Asian Development Bank: Policies Aimed at Supporting Growth Help Vietnam Overcome Challenges

The policy of monetary easing and the anticipation of public investment disbursement, combined with the reopening of China, will provide Vietnam with the necessary support to overcome current difficulties.

ADB Country Director for Vietnam Andrew Jeffries and leaders at the press conference. Photo: VNA
ADB Country Director for Vietnam Andrew Jeffries and leaders at the press conference. Photo: VNA

After a stellar performance in 2022, Vietnam’s economic growth is projected to ease to 6.5% in 2021 and then further expand to 6.8% in 2024, according to the Asian Development Outlook (ADO) released by the Asian Development Bank (ADB) on April 4.

Vietnam’s economic growth is likely to be hindered in 2023 due to the global economic downturn, ongoing monetary tightening in developed countries, and the consequences of global geopolitical tensions, according to Andrew Jeffries, ADB Country Director for Vietnam.

However, he maintained that Vietnam’s growth-promoting initiatives such as monetary easing, a significant injection of public investment in 2023, and the reopening of the Chinese market will help the country to combat these unfavorable conditions.

The ADO underscored that the worldwide financial downturn had intensified in the fourth quarter of 2022 and was anticipated to persist in 2023. It noted that weakening global demand was anticipated to hamper industrial growth, and also indicated that agricultural output was projected to rise by 3.2% this year, owing to improved domestic demand and the reopening of China, which accounts for a substantial 45% of Vietnam’s exports of fruits and vegetables.

Tourist arrivals from China beginning on March 15 are predicted to bolster tourism and services in Vietnam, with the industry projected to expand by 8.0% in 2021. This influx of visitors will undoubtedly provide a much-needed boost to the Vietnamese economy.

for fiscal year 2023, the slowest rate in the last decade.

The manufacturing Purchasing Managers’ Index (PMI) dropped below 50 for four consecutive months, indicating that export-driven manufacturing had contracted while consumption-led manufacturing was unable to compensate. However, the index showed signs of recovery in February 2023, rising from 46.4 to 51.2. Industry growth is predicted to slow to a decade-low of 7.5% in fiscal year 2023.

Public investment is set to be a major catalyst for economic recovery and growth in 2023 and 2024, driving construction and other related economic activities. In March 2023, when the central bank adopted a policy of monetary easing, increased public spending was expected to create significant multiplier effects, providing a significant impetus for economic growth.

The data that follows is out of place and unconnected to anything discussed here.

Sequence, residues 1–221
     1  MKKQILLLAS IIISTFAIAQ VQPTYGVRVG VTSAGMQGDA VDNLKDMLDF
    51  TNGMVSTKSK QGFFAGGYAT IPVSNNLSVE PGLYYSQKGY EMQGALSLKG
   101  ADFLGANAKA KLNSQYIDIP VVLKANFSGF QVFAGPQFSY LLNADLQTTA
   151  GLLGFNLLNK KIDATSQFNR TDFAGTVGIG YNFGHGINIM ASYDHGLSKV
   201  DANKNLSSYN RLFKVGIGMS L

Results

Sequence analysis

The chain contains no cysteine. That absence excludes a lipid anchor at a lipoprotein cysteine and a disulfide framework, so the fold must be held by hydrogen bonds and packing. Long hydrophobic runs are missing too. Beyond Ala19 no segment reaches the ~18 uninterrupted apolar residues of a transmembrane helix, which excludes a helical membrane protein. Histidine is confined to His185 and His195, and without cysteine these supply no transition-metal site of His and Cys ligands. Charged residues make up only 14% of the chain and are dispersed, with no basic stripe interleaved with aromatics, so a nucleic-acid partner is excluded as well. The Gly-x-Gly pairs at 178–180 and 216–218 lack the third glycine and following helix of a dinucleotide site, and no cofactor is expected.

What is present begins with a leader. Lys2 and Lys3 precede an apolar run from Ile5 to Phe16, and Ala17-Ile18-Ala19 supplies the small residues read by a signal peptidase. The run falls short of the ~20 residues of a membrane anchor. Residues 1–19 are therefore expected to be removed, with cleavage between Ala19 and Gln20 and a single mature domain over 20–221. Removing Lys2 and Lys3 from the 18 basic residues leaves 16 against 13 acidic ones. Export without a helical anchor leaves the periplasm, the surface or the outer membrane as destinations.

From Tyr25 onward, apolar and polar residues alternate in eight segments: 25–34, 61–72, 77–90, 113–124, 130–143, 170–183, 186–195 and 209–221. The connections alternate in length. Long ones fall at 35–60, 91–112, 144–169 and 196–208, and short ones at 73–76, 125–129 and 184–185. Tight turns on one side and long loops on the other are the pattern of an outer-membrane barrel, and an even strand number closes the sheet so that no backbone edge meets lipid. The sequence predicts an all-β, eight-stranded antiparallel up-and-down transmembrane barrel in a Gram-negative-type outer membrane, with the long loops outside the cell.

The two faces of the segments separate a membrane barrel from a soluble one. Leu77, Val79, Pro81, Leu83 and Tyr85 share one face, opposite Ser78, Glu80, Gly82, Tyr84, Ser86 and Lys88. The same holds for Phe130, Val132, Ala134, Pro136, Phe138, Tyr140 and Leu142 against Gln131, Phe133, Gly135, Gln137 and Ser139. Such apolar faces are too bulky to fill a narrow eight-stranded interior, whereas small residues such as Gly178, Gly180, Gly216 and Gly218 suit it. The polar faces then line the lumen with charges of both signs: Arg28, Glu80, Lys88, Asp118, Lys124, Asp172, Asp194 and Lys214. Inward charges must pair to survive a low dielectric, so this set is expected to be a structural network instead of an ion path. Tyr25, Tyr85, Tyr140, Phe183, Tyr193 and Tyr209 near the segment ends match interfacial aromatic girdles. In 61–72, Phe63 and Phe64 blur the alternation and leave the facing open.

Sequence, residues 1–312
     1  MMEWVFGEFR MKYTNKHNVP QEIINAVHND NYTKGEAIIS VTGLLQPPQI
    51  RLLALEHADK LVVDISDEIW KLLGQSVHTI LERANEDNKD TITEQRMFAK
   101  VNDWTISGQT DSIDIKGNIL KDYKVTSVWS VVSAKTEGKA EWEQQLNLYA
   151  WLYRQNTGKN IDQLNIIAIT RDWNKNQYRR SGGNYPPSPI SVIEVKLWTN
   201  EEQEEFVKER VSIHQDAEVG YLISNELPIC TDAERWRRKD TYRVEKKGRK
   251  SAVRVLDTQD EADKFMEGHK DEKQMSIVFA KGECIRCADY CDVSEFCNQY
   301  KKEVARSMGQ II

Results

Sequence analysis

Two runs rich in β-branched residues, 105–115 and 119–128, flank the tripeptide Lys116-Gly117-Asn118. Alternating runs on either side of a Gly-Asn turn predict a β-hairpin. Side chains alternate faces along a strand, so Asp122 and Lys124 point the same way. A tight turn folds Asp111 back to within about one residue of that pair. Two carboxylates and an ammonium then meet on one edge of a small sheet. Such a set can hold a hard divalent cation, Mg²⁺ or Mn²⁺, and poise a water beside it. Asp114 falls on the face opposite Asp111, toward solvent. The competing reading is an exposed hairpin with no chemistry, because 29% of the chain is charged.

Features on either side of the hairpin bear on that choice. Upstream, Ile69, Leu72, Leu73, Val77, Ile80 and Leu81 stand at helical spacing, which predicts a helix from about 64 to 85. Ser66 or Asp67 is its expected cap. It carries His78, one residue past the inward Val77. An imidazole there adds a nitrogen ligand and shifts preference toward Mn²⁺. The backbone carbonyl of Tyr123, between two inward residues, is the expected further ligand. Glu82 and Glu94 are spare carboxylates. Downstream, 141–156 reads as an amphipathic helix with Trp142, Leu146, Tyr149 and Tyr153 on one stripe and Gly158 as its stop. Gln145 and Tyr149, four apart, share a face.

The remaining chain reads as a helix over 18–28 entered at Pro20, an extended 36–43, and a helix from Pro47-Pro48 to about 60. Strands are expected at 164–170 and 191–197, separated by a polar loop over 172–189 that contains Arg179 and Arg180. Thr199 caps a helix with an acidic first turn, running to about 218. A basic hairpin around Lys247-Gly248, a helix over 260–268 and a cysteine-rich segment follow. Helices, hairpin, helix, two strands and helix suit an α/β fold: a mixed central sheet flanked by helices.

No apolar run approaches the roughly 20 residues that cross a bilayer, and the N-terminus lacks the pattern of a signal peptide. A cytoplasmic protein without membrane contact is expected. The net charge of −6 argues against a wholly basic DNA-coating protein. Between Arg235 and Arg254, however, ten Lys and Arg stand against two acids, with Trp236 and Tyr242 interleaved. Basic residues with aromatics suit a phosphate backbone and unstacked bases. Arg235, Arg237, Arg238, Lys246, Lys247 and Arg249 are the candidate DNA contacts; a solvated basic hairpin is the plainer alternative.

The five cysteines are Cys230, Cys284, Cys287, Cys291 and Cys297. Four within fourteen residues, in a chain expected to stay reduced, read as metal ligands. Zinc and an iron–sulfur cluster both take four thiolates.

According to the ADO, the Vietnamese government has pledged to disburse a total of USD 30 billion in the year 2023, with 90% of the funds already allocated to disbursing ministries and provinces as of January that year.

Foreign investment, however, will remain hampered by the ongoing global economic slowdown. During the first two months of 2023, newly registered and disbursed FDI decreased by 38% and 4.9% year-on-year, respectively.

The prolonged pandemic has unveiled underlying structural issues that are the primary downside risks to the economy, according to the report.

Nguyen Minh Cuong, the Principal Country Economist for Vietnam, recently stated that the country’s fiscal deficit in 2023 could surpass its target of 4.4% of the Gross Domestic Product (GDP).

He argued that Vietnam should persistently pursue reform in order to establish a more sustainable financial system, drastically diminishing its reliance on unsustainable income sources such as land and oil.

Central Retail Corporation sees Vietnam as a high-potential market that posted continuous economic growth. Photo: VNA
Central Retail Corporation sees Vietnam as a high-potential market that posted continuous economic growth. Photo: VNA

The Asian Development Bank (ADB) predicts that domestic consumption will continue to rebound in 2023, thanks to the revival of tourism, new public investment and stimulus programs initiated in January 2022, and a salary increase effective in July 2023. Despite these positive developments, higher inflation could impede the recovery of domestic consumption.

Weakening global demand is set to continue dampening trade in 2023. According to reports, exports in the first two months of that year fell by 10.4% compared to the same period in the preceding year, while imports dropped even further by 16%.

Both imports and exports are expected to decrease by 7% in 2020 and 2021. This slowdown in trade could lead to a current account deficit that is equivalent to 1% of the GDP this year, before returning to a surplus in 2024.

The report also highlighted that surprise policy rate cuts make Vietnam the first economy in Southeast Asia to ease monetary policy, with both monetary and fiscal measures continuing to provide support to the economy going forward.

As of February 2023, Vietnam had attracted close to USD 440 billion from 141 countries and territories around the world.

According to a report released by the Organisation for Economic Co-operation and Development (OECD), Vietnam’s economy is projected to grow by 6.6% in 2021 and is expected to maintain a similar rate of growth over the next three years.

The report states that Vietnam’s economic growth is propelled by foreign investment in the manufacturing sector, particularly electronics, machine manufacturing, textiles, and footwear, and is bolstered by China’s relaxation of Covid-19 prevention and control measures.

At this rate, the Organisation for Economic Co-operation and Development (OECD) has projected that Vietnam will remain the largest economy in Southeast Asia for the top five economies in the region.

Hannah Nguyen